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SAS/ACCESS Interface to SYSTEM 2000 Data Management Software: Reference

Using a SAS WHERE Clause for Selection Criteria

In addition to or instead of including a SYSTEM 2000 where-clause in your view descriptor for selection criteria, you can also specify a SAS WHERE clause in a SAS program for selection criteria.

Note:   Unlike a SYSTEM 2000 where-clause stored in a view descriptor, a SAS WHERE clause is restricted to variables corresponding to items included in the view descriptor. (A SYSTEM 2000 where-clause can reference items contained in a view descriptor and items contained in the access descriptor that the view descriptor is based on.)  [cautionend]

When you specify a SAS WHERE clause, the SAS/ACCESS interface view engine translates those conditions into SYSTEM 2000 conditions. Then, if the view descriptor includes a SYSTEM 2000 where-clause, the interface view engine connects the conditions with the Boolean operator AND. By default, the SAS WHERE clause conditions are connected to the end of the view descriptor conditions. For example, if a view descriptor includes the condition


and the SAS WHERE clause condition translates into


the resulting selection criteria are

   sex=female and position=marketing

You can control the connection of the translated SAS WHERE clause and the SYSTEM 2000 where-clause conditions by including a connecting string in a SYSTEM 2000 where-clause included in a view descriptor. A connecting string indicates where you want the connection to occur. For example, suppose you have included the following SYSTEM 2000 where-clause in a view descriptor. (*SASAND* is one of the available connecting strings.)

   *sasand* department=marketing

You then issue a SAS procedure including a SAS WHERE clause that produces the following condition:

   salary gt 1000

The resulting selection criteria are as follows:

   salary gt 1000 and department=marketing

For more information and examples on the available connecting strings, see Connecting Strings.

When the interface view engine translates SAS WHERE clause conditions into SYSTEM 2000 conditions, there are SAS WHERE clause capabilities that are not available in SYSTEM 2000 software. Therefore, it is possible to issue a SAS WHERE clause that cannot be totally satisfied by SYSTEM 2000 software.

To allow for this possibility, the interface view engine first evaluates the SAS WHERE clause and determines whether the conditions can be handled. The interface view engine may be able to partially satisfy a SAS WHERE clause, as in the following example:

    proc print data=vlib.emp1;
    where lastname < 'KAP' 
      and payrate > 30 * overtime;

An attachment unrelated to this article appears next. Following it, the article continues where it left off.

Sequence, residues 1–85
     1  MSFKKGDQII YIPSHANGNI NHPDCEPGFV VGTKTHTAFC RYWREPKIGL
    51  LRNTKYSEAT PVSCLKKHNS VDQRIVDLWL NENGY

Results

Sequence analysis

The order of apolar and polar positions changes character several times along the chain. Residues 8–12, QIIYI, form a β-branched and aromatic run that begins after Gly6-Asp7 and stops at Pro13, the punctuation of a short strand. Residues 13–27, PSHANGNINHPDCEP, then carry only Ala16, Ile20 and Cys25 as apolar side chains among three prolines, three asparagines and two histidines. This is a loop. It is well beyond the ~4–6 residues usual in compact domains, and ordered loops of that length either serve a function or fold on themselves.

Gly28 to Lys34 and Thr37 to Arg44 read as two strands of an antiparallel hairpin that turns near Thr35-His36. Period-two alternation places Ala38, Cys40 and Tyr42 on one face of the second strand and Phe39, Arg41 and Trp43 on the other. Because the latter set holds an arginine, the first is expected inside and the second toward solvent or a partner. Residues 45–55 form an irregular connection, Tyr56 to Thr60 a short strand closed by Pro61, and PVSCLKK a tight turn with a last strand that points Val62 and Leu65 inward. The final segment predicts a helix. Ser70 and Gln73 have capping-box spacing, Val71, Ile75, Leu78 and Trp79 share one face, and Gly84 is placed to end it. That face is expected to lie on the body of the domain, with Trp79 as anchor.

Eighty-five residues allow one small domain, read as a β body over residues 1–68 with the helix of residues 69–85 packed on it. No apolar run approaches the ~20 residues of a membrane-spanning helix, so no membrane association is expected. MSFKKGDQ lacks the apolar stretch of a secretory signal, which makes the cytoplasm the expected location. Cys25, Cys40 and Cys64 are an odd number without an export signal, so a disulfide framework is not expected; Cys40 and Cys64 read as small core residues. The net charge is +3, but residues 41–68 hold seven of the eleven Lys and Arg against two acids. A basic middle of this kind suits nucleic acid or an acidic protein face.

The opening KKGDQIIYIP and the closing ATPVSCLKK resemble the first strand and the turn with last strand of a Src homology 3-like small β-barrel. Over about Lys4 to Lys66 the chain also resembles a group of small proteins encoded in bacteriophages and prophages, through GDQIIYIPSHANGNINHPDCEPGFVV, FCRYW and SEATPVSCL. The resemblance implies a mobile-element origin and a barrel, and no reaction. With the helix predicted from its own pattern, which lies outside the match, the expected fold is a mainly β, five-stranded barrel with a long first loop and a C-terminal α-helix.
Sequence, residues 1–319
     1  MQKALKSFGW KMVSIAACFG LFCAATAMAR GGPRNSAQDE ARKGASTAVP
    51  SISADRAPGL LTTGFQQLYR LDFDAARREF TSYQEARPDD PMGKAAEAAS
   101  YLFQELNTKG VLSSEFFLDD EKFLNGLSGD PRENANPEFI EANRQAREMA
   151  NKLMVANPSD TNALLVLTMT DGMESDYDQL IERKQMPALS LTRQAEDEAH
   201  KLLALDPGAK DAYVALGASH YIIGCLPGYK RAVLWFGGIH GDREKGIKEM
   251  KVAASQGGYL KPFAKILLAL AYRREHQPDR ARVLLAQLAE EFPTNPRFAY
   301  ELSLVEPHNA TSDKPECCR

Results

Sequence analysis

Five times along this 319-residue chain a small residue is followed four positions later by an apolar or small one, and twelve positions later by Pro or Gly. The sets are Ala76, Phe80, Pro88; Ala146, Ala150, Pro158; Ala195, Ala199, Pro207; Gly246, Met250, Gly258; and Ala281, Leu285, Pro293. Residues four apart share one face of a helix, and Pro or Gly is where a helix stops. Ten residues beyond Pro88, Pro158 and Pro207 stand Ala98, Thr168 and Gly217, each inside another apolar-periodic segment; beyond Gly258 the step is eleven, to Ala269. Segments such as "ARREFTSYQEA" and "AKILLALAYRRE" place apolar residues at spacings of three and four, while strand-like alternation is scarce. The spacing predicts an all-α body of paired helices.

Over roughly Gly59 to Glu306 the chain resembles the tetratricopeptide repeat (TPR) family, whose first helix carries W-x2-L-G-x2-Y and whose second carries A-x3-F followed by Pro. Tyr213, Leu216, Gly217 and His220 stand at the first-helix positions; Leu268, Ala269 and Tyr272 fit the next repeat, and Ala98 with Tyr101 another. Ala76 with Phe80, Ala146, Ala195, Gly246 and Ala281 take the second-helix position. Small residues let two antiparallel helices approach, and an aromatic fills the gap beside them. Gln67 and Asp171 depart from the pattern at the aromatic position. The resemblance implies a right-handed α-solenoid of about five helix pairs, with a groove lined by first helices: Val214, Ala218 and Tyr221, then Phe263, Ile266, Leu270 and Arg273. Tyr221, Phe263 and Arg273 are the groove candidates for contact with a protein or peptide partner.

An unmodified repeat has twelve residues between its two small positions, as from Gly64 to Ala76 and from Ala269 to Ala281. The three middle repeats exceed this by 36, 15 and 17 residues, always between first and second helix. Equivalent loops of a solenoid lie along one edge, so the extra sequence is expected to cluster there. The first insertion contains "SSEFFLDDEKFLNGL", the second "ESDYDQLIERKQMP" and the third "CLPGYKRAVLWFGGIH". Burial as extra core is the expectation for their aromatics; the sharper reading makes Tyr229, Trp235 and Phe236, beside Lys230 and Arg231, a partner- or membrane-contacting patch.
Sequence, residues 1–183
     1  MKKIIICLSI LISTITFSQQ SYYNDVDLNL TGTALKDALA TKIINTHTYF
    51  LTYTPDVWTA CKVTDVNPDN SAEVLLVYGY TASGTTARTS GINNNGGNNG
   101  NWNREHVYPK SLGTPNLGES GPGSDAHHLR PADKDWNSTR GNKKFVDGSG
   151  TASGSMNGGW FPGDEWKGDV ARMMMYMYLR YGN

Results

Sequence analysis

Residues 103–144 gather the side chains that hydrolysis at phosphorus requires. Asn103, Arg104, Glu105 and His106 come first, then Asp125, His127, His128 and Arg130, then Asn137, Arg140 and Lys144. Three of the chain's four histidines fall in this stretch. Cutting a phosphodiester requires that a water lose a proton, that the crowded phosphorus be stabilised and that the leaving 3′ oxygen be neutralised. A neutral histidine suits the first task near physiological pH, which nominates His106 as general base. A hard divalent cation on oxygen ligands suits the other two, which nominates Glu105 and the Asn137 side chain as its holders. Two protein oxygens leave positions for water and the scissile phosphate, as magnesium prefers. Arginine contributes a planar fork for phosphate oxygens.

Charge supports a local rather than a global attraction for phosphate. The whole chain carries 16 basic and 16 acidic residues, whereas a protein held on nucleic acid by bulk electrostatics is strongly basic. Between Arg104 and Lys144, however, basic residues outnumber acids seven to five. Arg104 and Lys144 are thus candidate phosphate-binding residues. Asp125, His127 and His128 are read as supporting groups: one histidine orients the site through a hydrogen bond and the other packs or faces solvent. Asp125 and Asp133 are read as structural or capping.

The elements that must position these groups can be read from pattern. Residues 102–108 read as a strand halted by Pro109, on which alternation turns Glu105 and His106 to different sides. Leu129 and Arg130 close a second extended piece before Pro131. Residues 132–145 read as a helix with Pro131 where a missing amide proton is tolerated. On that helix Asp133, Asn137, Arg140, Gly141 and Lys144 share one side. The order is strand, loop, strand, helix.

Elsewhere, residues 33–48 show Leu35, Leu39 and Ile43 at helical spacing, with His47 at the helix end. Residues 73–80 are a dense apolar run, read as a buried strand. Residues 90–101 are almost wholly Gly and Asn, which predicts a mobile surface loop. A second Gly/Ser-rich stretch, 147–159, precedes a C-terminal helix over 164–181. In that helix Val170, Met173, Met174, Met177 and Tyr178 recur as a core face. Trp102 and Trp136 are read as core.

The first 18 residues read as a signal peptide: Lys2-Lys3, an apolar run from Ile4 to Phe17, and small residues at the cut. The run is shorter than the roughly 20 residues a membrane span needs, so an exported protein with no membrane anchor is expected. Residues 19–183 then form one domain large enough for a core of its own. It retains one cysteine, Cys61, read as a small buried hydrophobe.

The interface view engine translates as much of the SAS WHERE clause as possible, without producing incorrect results or a syntax error from SYSTEM 2000 software. In the previous example, SYSTEM 2000 software has no problem with the first condition, but the arithmetic in the second condition is not supported. The interface view engine uses the condition where lastname < 'KAP'to filter out as many data records as possible to improve performance. The conditions that are not supported are bypassed by the interface view engine, and post-processing (handled automatically by the SAS System) will be required after SYSTEM 2000 software does its subsetting. The engine bypasses

In the following table,, assume C114 is a component in the bottom record of a view descriptor. (Remember that if there is no SYSTEM 2000 where-clause included in the view descriptor and no SAS WHERE clause specified in the SAS program, the interface view engine issues a default where-clause in the form of WHERE Cn EXISTS OR Cn FAILS, where Cn is a component in the bottom record in the view descriptor.)

View Where-Clause SAS WHERE Clause SYSTEM 2000 Translation Post-Processing Required?
C1=A C2=B OR C3>C4+10 (C1=A) Yes
C1=A C2=B & C3>C4+10 (C1=A) & (C2=B) Yes
C1=A C2=B OR C3>C4 (C1=A) & (C2=B OR C3*>C4*) No
C1=A C2=B & C3 (C1=A) & (C2=B) Yes
--- --- C114 EXISTS OR C114 FAILS No
--- C3*20 < C5 C114 EXISTS OR C114 FAILS Yes
--- C3 = C5 C3* = C5* No

SAS WHERE Clause Conditions Acceptable to SYSTEM 2000 Software

The following information explains how the interface view engine translates acceptable SAS WHERE clause conditions into SYSTEM 2000 where-clause conditions.

SAS WHERE Clause Conditions Not Acceptable to SYSTEM 2000 Software

Here is a list of some (but not all) SAS WHERE clause conditions that are not acceptable to SYSTEM 2000 software; they are handled automatically by SAS post processing.

The NOT Operator

The SAS WHERE clause NOT operator and the SYSTEM 2000 where-clause NOT operator do not function the same way. If you want NOT to have its SAS meaning, put it in the SAS WHERE clause. If you want NOT to have its SYSTEM 2000 software meaning, put it in the view descriptor where-clause.

If you specify NOT in a SAS WHERE clause, NOT is transformed by the SAS WHERE clause parser first; the interface view engine never sees the NOT operator. Consider the following examples:

SAS WHERE Clause What the Engine Sees
WH NOT LASTNAME > 'Baker'; WH LASTNAME <= 'Baker';

In SYSTEM 2000 software, however, the logical converse of wh not lastname = 'Jones' is not lastname ne Jones. Rather, the logical converse of wh not lastname = 'Jones' is wh lastname ne Jones or lastname fails. Before any relational operator can find a match for a value, the value must exist. One reason for this is that nulls are not contained in SYSTEM 2000 indexes, and processing an operator such as NE could be expensive if it were not confined to indexed values.

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Copyright 1999 by SAS Institute Inc., Cary, NC, USA. All rights reserved.